Push On To Publishing

Push On To Publishing

Guest Post: Push On To Publishing by Diana Rubino

To all published and aspiring authors, my story (and learned experiences) will inspire you to push on to publishing if nothing else will. It’s unique because I’m probably the longest aspiring author to be published—18 years.

As every grade school kid, I wrote short stories growing up in Jersey City, and became the editor of my college (St. Peter’s) newspaper. My journalism professor Jim Conniff always believed in me, and when I began writing short stories to submit to magazines, he encouraged me to write a novel, which to me was daunting. He sent me titles of several how-to books, most from Writers Digest, so I read them and embarked on my first novel.

As most first novels it was highly autobiographical and never sold.

Because of my love of history, I began writing historical fiction in 1990 but didn’t get my first publishing contract until 1999. I always tell aspiring authors never to give up because I’m living proof it can happen.

Because I’m a huge history buff, I decided to write a historical, which became The Jewels of Warwick, set around Henry VIII and a fictional mistress.

Jewels took 2 years to research and write, with no internet. It came very close to publication with several romance houses but missed the mark for containing too little romance. When I finished Jewels, I scoured the history books for another legendary figure to write about. While I browsed the Cambridge (Massachusetts) Library stacks, a book snagged my eye. Lying, not standing, on the wrong shelf was Crown of Roses by Valerie Anand. It drew me like a magnet. Richard III is a central character in the story, and the author thanks’ the Richard III Society’ for helping her. Who’s this Richard III Society? I wondered.

Already hooked on Richard, his tragic death at 32 and his reputation as a usurper and a murderer of his little nephews, I joined this Richard III Society. So, I joined up (again through snail mail, no internet.) I’d found the subject of my next novel! And it tied in perfectly as a prequel to The Jewels of Warwick. Titled Thy Name is Love, it made the same rounds of publishers, remaining homeless after several rewrites and seven years.

But the miracle of the internet came to all of us. My first online experience was CompuServe’s Romance Forum in 1993. This led to meeting many authors who shared leads and their own writing journeys. In 1999, Lisa Hamilton, an author I’d met on CompuServe, sent me a list of E-publishers, since E-publishing was new and quickly catching on. One of those publishers was Domhan Books, a British publisher who also did print.

When I heard back from them, I figured it was another rejection, but it was an offer to publish my books. They also published print books, so I lived the moment I’d dreamed about seeing my first book in print. This was 18 years after that first novel went out into the world.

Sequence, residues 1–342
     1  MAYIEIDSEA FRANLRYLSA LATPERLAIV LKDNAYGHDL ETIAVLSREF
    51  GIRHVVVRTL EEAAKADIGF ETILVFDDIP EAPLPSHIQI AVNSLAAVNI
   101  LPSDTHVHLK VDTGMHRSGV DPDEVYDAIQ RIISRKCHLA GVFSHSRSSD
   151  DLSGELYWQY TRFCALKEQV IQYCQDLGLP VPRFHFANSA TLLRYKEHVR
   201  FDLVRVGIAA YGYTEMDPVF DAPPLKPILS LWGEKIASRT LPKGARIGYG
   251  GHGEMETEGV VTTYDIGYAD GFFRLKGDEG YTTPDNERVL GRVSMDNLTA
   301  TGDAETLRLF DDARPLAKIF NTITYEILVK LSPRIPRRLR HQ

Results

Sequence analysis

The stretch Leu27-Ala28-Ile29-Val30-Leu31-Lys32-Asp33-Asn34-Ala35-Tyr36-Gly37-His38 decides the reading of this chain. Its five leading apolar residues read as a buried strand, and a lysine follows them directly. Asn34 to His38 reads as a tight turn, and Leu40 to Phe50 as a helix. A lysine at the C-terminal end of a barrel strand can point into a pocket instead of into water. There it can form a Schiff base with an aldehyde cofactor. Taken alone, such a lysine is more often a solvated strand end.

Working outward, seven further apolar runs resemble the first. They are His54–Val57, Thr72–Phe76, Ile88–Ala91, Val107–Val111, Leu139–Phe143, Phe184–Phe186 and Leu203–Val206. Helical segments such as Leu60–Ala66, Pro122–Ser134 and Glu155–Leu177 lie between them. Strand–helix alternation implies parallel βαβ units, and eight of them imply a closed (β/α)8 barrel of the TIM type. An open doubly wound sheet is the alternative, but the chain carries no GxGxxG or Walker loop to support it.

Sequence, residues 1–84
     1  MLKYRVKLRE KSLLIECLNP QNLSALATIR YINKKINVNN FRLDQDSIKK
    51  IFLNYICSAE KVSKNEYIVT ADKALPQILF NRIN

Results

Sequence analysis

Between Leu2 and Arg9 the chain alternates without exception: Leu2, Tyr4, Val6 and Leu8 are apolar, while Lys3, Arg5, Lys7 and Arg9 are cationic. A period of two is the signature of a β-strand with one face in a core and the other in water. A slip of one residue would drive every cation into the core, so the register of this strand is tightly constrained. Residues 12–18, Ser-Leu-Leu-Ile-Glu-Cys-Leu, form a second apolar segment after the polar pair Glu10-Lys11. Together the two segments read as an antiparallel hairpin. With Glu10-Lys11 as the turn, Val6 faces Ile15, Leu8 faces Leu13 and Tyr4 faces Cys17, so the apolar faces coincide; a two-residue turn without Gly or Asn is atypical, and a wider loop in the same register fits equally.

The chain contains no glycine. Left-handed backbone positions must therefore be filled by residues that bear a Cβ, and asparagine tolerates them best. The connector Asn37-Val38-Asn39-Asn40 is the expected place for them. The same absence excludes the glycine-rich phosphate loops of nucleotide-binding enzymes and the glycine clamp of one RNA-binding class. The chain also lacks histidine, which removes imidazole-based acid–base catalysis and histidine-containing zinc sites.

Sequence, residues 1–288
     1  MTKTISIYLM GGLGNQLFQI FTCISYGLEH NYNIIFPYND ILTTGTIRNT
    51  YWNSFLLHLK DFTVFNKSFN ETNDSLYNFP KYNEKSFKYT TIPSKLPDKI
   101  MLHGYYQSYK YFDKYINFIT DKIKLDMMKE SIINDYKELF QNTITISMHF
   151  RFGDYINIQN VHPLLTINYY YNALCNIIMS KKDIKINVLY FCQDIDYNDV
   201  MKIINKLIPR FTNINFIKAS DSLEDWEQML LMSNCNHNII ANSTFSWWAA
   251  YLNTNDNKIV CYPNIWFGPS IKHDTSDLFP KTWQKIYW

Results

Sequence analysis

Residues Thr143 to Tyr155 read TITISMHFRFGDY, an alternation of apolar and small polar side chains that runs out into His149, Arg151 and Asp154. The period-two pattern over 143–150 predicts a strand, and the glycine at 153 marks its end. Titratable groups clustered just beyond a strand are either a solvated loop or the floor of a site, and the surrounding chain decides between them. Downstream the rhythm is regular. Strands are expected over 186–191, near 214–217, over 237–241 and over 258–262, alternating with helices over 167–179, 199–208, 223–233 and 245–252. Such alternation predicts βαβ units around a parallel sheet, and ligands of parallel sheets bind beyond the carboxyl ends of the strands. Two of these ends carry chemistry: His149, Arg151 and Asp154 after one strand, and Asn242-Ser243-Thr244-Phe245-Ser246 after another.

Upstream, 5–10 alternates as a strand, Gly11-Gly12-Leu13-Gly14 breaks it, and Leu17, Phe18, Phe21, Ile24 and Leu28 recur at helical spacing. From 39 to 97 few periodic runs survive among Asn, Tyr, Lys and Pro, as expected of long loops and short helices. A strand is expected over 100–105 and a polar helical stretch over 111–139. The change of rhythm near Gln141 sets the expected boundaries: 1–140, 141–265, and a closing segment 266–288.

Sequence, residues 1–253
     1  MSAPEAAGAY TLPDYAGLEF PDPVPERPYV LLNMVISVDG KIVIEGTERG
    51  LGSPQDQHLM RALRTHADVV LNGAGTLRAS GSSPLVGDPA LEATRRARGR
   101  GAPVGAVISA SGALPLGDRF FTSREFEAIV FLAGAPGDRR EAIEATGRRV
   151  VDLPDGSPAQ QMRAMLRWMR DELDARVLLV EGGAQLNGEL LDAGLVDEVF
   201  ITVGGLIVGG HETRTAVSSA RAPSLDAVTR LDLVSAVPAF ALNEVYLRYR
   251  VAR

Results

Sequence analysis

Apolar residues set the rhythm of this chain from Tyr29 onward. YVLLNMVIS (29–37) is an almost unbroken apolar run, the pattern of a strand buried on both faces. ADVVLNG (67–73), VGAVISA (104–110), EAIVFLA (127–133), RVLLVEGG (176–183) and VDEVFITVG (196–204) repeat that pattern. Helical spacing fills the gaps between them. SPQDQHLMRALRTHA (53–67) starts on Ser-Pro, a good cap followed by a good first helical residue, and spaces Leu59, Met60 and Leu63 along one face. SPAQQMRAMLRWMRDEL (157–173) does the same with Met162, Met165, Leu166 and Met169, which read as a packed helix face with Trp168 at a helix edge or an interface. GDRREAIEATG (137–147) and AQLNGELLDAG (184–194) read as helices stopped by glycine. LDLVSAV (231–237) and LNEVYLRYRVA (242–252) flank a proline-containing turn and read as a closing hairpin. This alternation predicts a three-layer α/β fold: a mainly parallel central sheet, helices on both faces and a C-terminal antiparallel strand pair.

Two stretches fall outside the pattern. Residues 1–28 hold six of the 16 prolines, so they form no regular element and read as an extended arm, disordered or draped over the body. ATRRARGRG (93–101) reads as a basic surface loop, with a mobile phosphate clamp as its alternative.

You must work on promotion as well as writing. I’ve read many differing opinions on this, but I do believe you should promote as much as time allows, without taking away writing time. I belong to a few dozen Facebook book promo groups, and post about one book every day. I also promote on Twitter “X” and do blog exchanges with other authors. I’ve done book signings and appeared at writers’ conferences. I’ve taken out ads in magazines, but that doesn’t seem to be a great return on investment. Giveaways seem to be a great way to market your books. I started out giving away bookmarks, pens, and the other usual trinkets, but one author said, ‘your book is your best giveaway.’ Contact your local newspapers and cable channels for interviews.

Also, join a critique group of writers who are also your potential audience, so they have a handle on your genre. You weigh their suggestions and critiques and use what you agree with; no writer ever agrees with everything their critique partners have to offer.

I always tell aspiring authors to make sure the opening is a grabber, make sure the reader will care about the characters, make sure the stakes are high enough so they’re in life-or-death situations that it seems they can’t possibly get out of, make sure the secondary characters aren’t mere cardboard, and humor always helps.

One huge technical rule: show, don’t tell.

It’s especially important to convey emotion. Make the reader FEEL what these characters are feeling. Lorraine Heath has a unique talent for this.

I’d like to tell any aspiring authors who are frustrated that it’s taken them 3, 4, 5 or more years to get that first contract, remember, I wrote for 18 years before getting ‘the call’ so never give up! Keep believing and keep the faith! Keep writing because you’ll only get better. And NEVER give up on your dream.

Diana Rubino is a published historical author who lives in her favorite place on Earth, Cape Cod.

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